The National Weather Service has issued a Winter Weather Advisory for Monroe, Orleans and Genesee counties and the Buffalo area from late Thursday afternoon into Friday morning.

ROC the Future addresses the "State of our Children"

6 hours ago
rocthefuture.org

A group that works to improve academic achievement for Rochester's children is out with its annual report card.

ROC the Future is a public/private partnership of over 100 organizations.

Chair Ajamu Kitwana says the group's shared goals include making sure every child enters kindergarten school-ready, that they're supported through their journey through school and that they're ready for college or a career.

He says the report card shows progress in many of those measures, with positive trends in high school graduation, early grade literacy, and middle-grade math.

The Gandhi Institute for Nonviolence and the University of Rochester are hosting several speakers as part of Rochester’s inaugural International Education Week. They join us in our studio to discuss a range of issues, including barriers to education and healthcare; factors that affect women’s empowerment across the globe; and how to create more equity in leadership.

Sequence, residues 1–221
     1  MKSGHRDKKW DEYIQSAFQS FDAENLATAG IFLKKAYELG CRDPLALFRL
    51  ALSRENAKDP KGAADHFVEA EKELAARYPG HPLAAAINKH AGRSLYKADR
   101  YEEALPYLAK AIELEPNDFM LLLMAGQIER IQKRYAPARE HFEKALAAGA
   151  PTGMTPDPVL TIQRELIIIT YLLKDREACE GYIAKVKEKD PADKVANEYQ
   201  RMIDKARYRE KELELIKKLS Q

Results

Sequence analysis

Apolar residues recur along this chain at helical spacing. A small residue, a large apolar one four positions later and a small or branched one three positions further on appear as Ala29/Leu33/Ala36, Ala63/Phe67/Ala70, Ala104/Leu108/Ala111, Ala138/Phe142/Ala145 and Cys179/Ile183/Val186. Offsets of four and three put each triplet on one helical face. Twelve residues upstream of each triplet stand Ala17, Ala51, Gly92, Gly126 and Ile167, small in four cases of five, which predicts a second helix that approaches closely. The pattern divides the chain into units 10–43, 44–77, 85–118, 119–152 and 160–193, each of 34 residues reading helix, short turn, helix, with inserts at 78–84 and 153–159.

Our guests:

  • Doris Gray, Ph.D., director of the Hillary Clinton Center for Women’s Empowerment at Al Akhawayn University
  • Dr. Monica Sharma, M.D., Ph.D., author of “Radical Transformational Leadership”
  • Jane Gatewood, Ph.D., vice provost for global engagement at the University of Rochester
  • Beatriz Gil Gonzalez, student body president at the University of Rochester

The terms “bubbles,” “silos,” and “echo chambers” are common in our current political dialogue, and they all relate to the broader concept of polarization. Philosopher Robert Talisse says while polarization is commonly acknowledged as detrimental to democracy, its impact stretches beyond partisan politics.